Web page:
Logo's new reality show "Finding Prince Charming" could have been a little more charming because the prince isn't able to find any Asians. It's disappointing since the show included more African American and Latino bachelors. But it failed to include any Asian Americans. Gay Asian men are also looking for love.
We are constantly searching for our faces and voices in the media. Asian Americans are the nation's fastest growing minority group. And we are a growing segment of the LGBT community. Yet, LGBT Asian Americans are often overlooked or marginalized. Logo's "Finding Prince Charming" is the most recent example.
The National Queer Asian Pacific Islander Alliance (NQAPIA) has been fighting for more positive portrayals of LGBT Asian and Pacific Islanders in the media. There are many LGBT Asian actors, bachelors, and contestants waiting in the wings. But, sadly, only 6% of LGBTQ characters on television are Asian or Pacific Islander, according to GLAAD. That percentage is the lowest of any group and, what's worse, is the highest in over ten years. We've got a long way to go.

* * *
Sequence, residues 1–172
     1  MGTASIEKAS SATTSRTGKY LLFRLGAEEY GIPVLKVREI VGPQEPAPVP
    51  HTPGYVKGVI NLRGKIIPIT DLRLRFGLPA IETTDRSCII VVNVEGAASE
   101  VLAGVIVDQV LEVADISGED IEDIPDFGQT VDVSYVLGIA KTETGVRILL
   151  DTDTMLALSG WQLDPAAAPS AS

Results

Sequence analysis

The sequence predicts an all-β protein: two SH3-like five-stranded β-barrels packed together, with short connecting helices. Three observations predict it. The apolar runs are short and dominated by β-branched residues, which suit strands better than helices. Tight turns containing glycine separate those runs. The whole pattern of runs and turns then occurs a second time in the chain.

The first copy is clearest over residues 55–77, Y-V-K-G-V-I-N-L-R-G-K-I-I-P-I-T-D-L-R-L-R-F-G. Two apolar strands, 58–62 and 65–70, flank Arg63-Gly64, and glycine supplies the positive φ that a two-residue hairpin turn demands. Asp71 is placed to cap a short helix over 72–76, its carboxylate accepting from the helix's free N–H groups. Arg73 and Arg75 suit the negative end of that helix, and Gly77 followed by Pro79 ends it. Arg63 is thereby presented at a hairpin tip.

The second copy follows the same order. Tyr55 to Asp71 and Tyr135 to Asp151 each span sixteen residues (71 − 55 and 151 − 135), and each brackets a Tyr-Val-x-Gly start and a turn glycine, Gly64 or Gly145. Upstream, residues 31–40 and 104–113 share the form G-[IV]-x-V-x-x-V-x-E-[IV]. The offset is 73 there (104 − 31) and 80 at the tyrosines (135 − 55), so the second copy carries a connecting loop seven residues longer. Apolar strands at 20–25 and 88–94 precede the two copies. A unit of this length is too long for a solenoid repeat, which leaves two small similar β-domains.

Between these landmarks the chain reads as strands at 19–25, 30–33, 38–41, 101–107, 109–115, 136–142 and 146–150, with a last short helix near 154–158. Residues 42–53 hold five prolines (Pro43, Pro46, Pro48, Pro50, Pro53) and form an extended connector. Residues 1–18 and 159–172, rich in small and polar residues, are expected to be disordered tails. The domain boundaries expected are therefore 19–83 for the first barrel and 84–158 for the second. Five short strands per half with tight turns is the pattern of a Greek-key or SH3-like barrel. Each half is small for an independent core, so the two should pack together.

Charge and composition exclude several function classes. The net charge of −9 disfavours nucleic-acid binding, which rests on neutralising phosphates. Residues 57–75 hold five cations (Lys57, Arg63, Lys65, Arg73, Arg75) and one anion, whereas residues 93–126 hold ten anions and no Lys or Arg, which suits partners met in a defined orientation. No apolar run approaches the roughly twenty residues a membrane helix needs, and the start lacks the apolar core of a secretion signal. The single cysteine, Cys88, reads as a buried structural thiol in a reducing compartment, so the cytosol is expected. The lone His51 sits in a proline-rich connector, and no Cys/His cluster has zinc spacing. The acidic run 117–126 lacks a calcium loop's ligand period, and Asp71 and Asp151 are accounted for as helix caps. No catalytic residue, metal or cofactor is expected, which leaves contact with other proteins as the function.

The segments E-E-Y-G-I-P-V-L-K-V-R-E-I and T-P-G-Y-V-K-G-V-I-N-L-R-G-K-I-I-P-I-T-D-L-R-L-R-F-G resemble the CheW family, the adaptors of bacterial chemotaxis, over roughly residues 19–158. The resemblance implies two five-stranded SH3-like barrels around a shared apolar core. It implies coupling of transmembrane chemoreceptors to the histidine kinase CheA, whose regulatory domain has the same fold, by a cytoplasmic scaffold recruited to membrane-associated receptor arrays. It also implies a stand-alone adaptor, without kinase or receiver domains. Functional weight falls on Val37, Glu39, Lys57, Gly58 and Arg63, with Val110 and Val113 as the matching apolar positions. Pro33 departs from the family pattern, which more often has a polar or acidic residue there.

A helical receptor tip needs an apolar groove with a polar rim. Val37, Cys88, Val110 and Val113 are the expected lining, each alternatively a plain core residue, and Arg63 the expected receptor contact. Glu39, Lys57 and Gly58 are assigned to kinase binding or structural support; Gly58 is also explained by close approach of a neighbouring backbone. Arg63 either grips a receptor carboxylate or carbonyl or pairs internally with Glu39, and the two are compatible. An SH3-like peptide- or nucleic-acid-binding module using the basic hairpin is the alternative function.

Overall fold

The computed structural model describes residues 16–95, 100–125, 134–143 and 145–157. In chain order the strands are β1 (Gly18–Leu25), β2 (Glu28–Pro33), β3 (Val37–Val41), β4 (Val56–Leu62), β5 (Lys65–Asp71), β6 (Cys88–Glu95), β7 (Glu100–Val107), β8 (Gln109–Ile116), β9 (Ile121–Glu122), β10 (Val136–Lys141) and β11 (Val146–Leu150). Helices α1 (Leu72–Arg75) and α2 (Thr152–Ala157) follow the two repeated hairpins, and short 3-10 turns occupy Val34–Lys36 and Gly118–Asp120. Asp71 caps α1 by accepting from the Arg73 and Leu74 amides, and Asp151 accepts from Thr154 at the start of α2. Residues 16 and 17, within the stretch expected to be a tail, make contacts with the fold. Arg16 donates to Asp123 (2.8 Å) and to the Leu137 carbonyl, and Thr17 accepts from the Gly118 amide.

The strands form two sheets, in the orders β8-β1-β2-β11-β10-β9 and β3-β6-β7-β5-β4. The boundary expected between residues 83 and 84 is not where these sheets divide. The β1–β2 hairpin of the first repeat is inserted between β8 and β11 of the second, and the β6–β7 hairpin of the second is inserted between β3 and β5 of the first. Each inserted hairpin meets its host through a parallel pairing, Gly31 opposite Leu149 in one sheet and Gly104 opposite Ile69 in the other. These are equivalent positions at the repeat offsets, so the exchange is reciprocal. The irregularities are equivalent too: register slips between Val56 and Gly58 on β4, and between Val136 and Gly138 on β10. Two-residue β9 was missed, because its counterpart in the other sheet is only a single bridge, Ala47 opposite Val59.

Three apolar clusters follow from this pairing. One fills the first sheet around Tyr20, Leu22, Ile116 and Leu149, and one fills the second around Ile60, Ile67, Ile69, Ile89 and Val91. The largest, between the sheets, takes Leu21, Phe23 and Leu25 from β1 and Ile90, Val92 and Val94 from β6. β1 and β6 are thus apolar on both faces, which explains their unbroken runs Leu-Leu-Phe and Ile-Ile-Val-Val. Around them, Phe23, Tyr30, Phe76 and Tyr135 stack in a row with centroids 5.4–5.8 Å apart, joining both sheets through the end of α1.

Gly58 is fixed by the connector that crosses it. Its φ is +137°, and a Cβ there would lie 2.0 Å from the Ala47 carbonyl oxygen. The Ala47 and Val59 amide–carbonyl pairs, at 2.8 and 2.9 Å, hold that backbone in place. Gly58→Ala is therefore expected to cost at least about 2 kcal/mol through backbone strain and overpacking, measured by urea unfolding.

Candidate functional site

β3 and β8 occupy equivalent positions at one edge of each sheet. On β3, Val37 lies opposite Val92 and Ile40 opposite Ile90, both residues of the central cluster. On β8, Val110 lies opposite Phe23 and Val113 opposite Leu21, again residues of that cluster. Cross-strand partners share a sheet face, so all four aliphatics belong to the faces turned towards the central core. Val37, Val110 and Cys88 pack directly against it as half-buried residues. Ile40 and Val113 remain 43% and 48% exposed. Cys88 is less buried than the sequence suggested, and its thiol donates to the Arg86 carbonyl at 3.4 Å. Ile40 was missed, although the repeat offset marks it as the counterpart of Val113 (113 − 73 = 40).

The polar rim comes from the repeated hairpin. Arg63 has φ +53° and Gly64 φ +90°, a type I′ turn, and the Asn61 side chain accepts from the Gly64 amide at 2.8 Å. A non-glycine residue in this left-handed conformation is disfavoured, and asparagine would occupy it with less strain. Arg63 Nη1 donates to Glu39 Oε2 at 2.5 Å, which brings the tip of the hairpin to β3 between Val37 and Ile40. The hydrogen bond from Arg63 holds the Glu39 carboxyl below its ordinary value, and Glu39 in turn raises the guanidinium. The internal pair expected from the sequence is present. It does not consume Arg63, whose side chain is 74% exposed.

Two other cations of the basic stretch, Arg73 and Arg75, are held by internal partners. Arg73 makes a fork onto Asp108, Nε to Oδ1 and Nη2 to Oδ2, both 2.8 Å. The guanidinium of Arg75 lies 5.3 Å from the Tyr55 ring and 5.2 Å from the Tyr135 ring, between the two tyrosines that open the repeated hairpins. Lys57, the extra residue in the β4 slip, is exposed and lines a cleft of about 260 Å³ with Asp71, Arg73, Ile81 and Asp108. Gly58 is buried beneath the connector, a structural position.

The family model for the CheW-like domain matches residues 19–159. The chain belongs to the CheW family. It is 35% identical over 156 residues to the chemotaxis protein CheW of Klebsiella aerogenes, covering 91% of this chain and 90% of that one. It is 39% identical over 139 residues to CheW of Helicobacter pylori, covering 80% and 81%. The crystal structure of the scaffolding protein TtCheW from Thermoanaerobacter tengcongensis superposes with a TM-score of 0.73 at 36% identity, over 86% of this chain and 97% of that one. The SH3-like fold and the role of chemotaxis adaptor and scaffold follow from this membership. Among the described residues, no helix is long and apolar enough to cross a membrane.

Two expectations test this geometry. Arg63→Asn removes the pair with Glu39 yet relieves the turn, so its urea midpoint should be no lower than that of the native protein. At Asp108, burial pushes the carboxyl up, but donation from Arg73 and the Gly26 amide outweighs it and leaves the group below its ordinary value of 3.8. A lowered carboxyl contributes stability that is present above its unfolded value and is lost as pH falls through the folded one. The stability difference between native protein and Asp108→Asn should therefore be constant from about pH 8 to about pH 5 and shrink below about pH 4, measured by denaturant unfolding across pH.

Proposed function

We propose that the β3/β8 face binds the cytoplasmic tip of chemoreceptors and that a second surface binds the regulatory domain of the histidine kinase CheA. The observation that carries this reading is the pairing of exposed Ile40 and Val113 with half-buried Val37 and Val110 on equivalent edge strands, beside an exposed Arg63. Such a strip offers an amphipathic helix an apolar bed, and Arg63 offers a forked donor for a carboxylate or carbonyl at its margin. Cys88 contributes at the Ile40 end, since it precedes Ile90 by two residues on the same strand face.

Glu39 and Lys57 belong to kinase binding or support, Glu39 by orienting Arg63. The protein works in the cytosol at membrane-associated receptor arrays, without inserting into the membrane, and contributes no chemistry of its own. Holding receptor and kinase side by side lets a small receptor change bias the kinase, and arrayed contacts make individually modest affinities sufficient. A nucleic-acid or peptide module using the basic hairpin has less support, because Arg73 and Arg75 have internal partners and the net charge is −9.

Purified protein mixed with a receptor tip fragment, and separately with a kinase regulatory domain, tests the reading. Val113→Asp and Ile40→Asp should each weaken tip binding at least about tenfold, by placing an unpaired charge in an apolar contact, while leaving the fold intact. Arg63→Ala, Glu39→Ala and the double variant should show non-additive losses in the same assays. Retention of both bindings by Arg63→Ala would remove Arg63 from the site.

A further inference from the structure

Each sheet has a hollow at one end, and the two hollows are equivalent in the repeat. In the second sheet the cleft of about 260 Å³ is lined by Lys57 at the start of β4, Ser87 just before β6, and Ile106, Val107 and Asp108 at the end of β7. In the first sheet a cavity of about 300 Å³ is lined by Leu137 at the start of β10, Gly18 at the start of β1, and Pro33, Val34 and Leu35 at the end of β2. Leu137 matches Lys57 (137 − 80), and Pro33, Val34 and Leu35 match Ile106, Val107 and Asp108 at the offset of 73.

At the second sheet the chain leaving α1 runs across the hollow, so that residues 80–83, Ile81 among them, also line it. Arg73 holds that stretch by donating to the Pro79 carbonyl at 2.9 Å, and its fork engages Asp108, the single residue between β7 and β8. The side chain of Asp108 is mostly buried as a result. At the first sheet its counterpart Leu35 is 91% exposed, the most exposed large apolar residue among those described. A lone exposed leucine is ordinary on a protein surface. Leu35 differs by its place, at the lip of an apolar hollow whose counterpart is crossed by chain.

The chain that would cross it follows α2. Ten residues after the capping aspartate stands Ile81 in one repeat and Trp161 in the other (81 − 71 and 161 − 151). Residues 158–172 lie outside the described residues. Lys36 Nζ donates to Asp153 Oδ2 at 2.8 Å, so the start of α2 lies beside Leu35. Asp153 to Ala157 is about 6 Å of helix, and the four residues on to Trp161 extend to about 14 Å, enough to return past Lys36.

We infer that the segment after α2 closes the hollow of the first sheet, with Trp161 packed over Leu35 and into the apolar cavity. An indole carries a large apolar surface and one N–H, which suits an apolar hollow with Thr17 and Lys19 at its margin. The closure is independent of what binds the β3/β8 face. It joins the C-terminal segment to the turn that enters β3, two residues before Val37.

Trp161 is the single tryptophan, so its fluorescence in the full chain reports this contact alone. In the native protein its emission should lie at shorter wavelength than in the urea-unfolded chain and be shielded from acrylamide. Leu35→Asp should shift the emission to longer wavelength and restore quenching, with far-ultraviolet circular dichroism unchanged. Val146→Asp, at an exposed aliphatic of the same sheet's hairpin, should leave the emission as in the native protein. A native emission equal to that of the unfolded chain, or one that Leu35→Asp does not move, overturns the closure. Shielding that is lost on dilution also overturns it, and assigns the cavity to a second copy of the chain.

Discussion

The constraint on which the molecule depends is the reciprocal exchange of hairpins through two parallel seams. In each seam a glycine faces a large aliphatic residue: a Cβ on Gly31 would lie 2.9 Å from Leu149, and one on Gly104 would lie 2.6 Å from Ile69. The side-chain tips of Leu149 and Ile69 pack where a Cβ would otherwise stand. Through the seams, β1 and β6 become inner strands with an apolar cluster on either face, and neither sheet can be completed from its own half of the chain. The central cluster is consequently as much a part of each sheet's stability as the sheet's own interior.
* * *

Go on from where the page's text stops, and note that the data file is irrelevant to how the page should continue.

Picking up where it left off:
An Asian American contestant on Logo's "Finding Prince Charming" could have brought so much to the show. Diversity and inclusion is more than simply having an Asian face to check the "Asian" box. An Asian American contest could have brought certain values and perspectives to add to the richness of the contestant's experiences. Typical Asian American values of family, honoring parents and elders, and hard work ethic could have been have been brought in through an Asian American contestant. These narratives are what's often missing. And aren't these some of the values that we all want our future Prince Charming to have?
Moreover, gay Asian men are sexy. Sure, there was a time when all Asians in media were emasculated computer geeks or heavily accented foreign students. But I think today it's well settled that Asian men are beautiful, bodied, and often sought-after. Let's not fetishize the community, but rather, let's portray the full spectrum of the LGBT community.
It would have been nice if Logo took a few more affirmative actions to promote diversity that is inclusive of Asian Americans in its new reality show. Maybe next time, I hope.
After this post, one of the contestants, Brandon Kneefel, emailed the writer. He acknowledged the absence of casting Asians but noted that he is part Asian. His father is Indonesian (born in Java) and Polynesian. He is not Latino as many people assume. His dark features are because of his Asian heritage.
The writer acknowledges this error. The writer executed due diligence to determine if any of the contestants identified as Asian and was not able to identify that heritage for any of them. But this was a mistake.
Let's all be proud of Brandon and cheer him on.
Glenn D. Magpantay is the Executive Director of the National Queer Asian Pacific Islander Alliance (NQAPIA), a federation of LGBTQ Asian American, South Asian, Southeast Asian, and Pacific Islander organizations. Contact him at email@example.com